Today this pressure on state revenues has caused government bureaucrats and populists to demand to “increase taxes on the rich.” Their rhetoric does not separate taxes on rich people from taxes on corporations. We can understand people employed by government demanding these taxes simply because their own fear of job insecurity will likely take a priority over the well-being of the entire economy. On the other hand, the populist demand to increase taxes on corporations is likely a result of a sense of injustice combined with blindness to the extremely important distinction between capital gains taxes and taxes on corporations themselves. As a result, populists might advocate an increased tax on corporations out of ignorance of the means to achieve their own ends.
Taxes on Labor vs. Taxes on Passive Income: A Moral Argument
It is well known that people are more likely to work hard, or even work at all, if they can keep the fruits of their own labor. And, when people live off of the fruits of another person’s labor it is considered slavery or serfdom. An income tax on wages is a tax on one’s own labor. An income tax on capital gains, on the other hand, is a tax on gains received as a result of another person’s labor. This means that a system of state revenue in which income taxes on passive gains are lower than taxes on labor is a system that promotes a form of economic slavery over economic freedom.
Taxes in an Era of Globalization
Since we now live in a global economy, it is naive for a country to create tax policies without looking around the world and examining the tax policies of the countries that are more competitive. Countries that are largely self-contained (19th century U.S.) or homogenous (modern Denmark) can create very different tax structures than large economies competing in a global market where capital is free to flow to the places that offer business climates that favor cost and the stability that can enable long-term planning. Neither the Republican nor Democratic platforms reflect these real-world economic factors, but rather focus on the short-term financial interests of the largest campaign contributors. Thus, on the Republican side there is a demand to decrease capital gains taxes, which can be viewed as immoral when it is lower than taxes on wages, and will in any case be unlikely to stimulate much job growth in the United States in our now global economy. On the Democratic side the observed wider income disparities creates a desire to resolve economic injustice and is fueling naive, punitive, and confused tax strategies that will continue to provide an inhospitable climate for economic production and the middle-class jobs associated with production.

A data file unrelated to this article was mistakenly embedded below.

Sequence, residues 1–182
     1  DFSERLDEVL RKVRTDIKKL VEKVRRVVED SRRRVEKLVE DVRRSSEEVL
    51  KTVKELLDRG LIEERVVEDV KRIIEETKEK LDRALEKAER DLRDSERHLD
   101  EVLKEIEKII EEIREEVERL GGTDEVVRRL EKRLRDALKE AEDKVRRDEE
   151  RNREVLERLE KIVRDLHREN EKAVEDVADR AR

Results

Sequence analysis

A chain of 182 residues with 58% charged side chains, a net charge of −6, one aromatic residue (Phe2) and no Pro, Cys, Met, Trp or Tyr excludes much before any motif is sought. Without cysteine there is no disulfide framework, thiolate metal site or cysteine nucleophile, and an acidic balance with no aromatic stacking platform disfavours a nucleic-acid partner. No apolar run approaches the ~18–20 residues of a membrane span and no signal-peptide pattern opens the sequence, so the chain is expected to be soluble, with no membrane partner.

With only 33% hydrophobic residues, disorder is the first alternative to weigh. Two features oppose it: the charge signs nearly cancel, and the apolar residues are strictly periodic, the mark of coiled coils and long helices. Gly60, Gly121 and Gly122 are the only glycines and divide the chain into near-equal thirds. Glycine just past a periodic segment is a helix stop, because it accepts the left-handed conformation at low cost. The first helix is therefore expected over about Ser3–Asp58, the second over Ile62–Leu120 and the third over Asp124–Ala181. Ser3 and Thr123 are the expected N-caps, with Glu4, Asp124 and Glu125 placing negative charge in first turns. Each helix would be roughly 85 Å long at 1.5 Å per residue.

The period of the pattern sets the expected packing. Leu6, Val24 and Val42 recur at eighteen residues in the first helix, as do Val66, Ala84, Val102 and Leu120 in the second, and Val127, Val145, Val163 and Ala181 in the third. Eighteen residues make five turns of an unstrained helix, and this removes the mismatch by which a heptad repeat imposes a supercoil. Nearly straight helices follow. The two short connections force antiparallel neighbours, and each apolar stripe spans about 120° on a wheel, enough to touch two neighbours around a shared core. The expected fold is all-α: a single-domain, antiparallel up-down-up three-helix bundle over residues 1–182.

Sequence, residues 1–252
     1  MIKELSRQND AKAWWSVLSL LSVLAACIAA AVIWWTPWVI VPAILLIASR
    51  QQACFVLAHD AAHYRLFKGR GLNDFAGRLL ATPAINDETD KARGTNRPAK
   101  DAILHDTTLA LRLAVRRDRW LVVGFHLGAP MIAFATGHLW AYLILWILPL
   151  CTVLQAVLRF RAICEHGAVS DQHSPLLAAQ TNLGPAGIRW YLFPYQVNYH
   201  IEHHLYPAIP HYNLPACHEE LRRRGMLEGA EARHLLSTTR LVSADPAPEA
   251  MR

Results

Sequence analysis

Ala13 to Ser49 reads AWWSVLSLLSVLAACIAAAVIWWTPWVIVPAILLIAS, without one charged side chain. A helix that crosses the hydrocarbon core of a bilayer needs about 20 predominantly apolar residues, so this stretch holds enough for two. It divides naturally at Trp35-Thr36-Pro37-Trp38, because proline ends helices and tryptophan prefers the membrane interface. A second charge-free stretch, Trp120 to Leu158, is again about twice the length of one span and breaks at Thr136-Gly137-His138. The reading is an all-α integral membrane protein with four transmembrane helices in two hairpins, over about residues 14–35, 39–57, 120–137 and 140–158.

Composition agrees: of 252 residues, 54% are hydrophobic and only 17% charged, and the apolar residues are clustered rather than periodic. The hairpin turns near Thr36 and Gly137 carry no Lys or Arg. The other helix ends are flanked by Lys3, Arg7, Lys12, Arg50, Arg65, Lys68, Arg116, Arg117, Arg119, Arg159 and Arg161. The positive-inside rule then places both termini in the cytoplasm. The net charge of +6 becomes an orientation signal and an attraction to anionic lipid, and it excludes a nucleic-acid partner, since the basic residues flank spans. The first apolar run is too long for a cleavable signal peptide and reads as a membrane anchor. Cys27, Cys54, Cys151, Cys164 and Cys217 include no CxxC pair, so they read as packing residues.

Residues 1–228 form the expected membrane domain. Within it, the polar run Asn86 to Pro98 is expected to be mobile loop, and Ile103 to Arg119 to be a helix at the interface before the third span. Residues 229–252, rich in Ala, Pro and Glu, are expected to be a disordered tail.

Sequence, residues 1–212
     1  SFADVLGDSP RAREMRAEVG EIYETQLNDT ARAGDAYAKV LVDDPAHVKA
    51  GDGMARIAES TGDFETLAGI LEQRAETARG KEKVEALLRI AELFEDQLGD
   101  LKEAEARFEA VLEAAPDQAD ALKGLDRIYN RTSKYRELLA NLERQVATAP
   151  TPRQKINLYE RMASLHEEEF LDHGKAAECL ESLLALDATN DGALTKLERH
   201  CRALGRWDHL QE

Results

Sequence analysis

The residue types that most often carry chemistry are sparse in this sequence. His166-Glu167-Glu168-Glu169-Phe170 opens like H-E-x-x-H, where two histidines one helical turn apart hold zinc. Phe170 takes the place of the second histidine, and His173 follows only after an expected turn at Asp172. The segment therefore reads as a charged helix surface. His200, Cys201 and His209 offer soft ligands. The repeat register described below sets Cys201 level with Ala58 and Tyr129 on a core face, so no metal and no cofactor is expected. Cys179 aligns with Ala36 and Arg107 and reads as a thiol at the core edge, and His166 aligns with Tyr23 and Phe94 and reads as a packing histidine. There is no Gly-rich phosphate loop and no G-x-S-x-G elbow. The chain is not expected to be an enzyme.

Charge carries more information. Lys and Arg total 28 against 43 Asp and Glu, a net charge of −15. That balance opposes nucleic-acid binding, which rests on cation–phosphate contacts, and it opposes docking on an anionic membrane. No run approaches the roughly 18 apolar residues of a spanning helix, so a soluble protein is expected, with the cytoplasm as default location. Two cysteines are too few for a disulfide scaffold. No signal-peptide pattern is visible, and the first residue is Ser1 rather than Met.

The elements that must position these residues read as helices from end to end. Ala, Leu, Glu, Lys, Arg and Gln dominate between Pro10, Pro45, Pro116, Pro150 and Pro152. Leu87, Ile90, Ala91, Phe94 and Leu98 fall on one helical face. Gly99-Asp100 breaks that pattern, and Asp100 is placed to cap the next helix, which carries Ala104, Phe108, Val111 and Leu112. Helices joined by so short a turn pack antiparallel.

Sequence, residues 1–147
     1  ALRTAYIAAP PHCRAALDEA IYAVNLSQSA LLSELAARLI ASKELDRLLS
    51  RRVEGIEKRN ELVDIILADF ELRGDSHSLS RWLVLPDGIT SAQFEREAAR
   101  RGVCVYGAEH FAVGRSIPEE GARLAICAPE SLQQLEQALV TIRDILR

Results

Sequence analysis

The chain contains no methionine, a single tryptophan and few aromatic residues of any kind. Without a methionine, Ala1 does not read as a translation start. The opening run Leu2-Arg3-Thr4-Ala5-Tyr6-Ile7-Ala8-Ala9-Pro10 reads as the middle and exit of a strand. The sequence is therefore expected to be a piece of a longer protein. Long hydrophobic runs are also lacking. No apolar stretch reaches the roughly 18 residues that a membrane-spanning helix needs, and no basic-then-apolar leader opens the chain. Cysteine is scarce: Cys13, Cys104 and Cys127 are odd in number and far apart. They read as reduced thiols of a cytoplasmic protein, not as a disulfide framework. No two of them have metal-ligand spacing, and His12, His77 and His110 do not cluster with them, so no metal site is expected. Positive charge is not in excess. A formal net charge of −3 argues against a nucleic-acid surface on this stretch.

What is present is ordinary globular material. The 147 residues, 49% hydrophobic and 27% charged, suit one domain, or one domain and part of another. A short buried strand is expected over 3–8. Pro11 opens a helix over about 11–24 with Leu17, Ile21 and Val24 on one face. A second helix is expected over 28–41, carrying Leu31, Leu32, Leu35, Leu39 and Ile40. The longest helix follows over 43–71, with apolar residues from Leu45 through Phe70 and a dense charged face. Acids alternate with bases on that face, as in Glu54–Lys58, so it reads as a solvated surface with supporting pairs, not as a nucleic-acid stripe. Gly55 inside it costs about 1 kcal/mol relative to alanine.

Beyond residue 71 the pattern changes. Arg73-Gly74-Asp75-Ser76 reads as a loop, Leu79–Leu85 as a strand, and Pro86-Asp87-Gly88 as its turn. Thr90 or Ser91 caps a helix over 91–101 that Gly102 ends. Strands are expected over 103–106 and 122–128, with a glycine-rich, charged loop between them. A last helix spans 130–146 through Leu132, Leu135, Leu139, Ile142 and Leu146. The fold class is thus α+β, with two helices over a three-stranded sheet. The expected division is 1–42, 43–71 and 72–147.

With this analysis, we can conclude that neither President Obama nor Gov. Romney are offering clearly viable strategies to create new jobs or fix the ailing economy which both parties have overloaded with debt. Rather we can conclude a viable solution should include these three principles:
- Income tax rates on capital gains should be higher than the rates on wage labor.
- Tax rates on capital gains should be higher than corporate taxes.
- To prevent middle class job drain, corporate taxes should equal or be lower than in other countries and not subject to unpredictable legislation that make planning impossible.
In my book, Life, Liberty, and the Pursuit of Happiness, Version 4.0., I refer to many other changes that can lead to a less corrupt system and a more prosperous and just economy. These include more financial checks and balances, use of courts rather than ineffective and bloated regulatory agencies, and transfer of all income tax authority and social welfare programs to the state level. For purposes of this article, I have pointed out three areas where changes could be more easily made and promoted by a presidential candidate and political parties that would lead to an improved economy and job growth, as long as the debt burden doesn’t lead to a total system collapse.